Tebas also demanded that the league be given additional authority to impose sanctions since, in his words, his organization can only report the crimes. If given greater power, he said, the league could eradicate racism in six months.
One fan who called Vincius a monkey during a league game in Mallorca was the only one of the racist supporters who may have faced criminal charges prior to the case in Valencia. Vincius and the fan both addressed the judge earlier this year.
Iaki Williams, a striker for Athletic Bilbao and Nico Williams' elder brother, is scheduled to stand trial this year as the first supporter accused of racist abuse in Spanish professional football. A fan of Espanyol abused him during a game in 2020.
Rafael Carlos de Vega, a prosecutor with Spain's Attorney General's Office, told the Associated Press that just because a criminal proceeding was archived doesn't imply that punishment won't be meted out. “These people are being barred from the stadiums because of the severe economic sanctions.”
Nine Valladolid supporters who racially derided Vincius during a game last year were each fined 4,000 euros ($4,300) and banned from the club for more than three years. The three supporters detained this week are not permitted into Valencia's stadium.
The key lesson from all of this, according to De Vega, is that we are calling attention to an issue and that everyone has been responding to it in an effort to prevent it from happening again. “We will have made great progress toward eradicating this problem the moment we have sanctions, clubs react, offenders are banned from stadiums, and people start denouncing these acts,”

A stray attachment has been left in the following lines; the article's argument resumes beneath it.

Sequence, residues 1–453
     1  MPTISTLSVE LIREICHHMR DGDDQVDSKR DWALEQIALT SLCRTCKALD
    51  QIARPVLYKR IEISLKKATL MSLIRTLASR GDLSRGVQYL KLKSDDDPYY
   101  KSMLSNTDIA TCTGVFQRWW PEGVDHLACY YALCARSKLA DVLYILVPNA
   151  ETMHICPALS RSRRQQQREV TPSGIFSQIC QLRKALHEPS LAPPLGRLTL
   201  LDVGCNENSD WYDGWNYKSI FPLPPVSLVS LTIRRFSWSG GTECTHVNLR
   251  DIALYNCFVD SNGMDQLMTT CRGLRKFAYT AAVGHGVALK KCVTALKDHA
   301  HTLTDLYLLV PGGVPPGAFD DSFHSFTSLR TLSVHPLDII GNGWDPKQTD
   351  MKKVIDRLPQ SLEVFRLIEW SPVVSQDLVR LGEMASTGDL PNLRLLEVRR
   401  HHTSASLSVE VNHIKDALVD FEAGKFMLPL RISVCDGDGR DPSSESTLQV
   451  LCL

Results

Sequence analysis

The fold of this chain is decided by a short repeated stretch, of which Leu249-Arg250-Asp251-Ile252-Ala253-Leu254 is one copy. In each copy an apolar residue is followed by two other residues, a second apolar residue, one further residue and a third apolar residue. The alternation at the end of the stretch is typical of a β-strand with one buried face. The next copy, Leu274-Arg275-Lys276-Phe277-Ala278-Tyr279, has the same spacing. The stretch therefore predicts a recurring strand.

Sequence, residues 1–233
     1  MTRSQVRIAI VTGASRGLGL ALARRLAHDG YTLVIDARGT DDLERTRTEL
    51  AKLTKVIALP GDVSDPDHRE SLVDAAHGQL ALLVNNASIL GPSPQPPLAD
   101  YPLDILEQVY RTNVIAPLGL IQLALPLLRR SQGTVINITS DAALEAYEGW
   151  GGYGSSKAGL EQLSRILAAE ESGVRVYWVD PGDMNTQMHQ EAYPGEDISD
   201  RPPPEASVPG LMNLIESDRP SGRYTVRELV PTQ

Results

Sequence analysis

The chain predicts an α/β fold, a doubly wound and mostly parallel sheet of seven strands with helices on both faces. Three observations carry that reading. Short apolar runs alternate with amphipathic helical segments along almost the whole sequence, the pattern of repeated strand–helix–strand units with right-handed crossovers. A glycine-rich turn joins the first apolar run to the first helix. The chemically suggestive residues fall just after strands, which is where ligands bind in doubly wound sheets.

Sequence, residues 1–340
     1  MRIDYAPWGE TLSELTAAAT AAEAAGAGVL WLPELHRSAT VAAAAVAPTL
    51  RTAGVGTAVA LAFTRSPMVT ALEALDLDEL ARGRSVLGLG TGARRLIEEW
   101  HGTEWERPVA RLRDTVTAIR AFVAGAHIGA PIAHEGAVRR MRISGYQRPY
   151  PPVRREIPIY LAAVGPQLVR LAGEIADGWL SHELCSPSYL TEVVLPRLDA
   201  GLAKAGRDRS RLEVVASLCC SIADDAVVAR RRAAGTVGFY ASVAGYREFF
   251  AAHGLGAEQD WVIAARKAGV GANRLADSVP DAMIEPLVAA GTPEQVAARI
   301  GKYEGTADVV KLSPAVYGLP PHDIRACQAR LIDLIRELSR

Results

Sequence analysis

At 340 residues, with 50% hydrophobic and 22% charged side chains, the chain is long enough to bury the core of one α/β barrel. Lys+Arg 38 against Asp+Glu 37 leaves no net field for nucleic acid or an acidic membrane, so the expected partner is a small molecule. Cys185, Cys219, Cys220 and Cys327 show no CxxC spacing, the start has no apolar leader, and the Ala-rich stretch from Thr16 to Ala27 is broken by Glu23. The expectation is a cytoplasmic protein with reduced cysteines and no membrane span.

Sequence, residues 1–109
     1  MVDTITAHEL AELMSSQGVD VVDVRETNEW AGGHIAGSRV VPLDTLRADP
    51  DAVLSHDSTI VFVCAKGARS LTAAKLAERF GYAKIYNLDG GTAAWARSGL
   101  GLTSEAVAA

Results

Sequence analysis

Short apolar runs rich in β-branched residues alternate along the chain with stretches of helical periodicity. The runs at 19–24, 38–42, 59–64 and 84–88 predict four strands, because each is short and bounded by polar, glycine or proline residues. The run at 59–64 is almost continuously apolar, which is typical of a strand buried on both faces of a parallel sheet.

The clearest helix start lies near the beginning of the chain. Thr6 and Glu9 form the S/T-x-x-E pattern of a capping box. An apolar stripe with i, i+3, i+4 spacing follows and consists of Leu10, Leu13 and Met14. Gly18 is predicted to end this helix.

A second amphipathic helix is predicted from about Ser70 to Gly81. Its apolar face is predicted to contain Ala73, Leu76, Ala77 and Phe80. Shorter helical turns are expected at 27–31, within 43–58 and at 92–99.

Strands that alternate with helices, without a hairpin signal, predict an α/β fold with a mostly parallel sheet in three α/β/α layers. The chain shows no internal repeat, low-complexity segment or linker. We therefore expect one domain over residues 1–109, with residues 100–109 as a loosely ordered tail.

In anticipation of further inquiry, all seven individuals who were detained immediately after the vincius case in Valencia generated a stir have been freed. A temporary restraining order prohibits the four people who are currently in custody in Madrid from entering a 1-kilometer (0.62-mile) radius around Madrid's stadium and training facilities, as well as from entering that radius near any football stadium between four hours before and four hours after a Spanish league game. They are accused of hanging an effigy of Vincius off a bridge in January.
In Spain, offenses against a person's moral character are often penalized with six to 24 months in jail instead of the customary one to four years for hate crimes.
Valencia received the largest penalty ever for a club in Spain in racial discrimination cases: a fine of 45,000 euros ($48,200) and the closure of a portion of its stadium for the next five games.
Esteban Ibarra, head of the Madrid-based Movement Against Intolerance, Racism, and Xenophobia, expressed hope that the controversy brought on by the most recent incident of abuse against Vincius will influence how prosecutors handle instances of racism and other similar offenses.
“With the visibility of this case nationally and internationally, I think that the attitude of prosecutors may start to change,” he said to the AP. Perhaps it will alter how people see the prosecutors in these instances.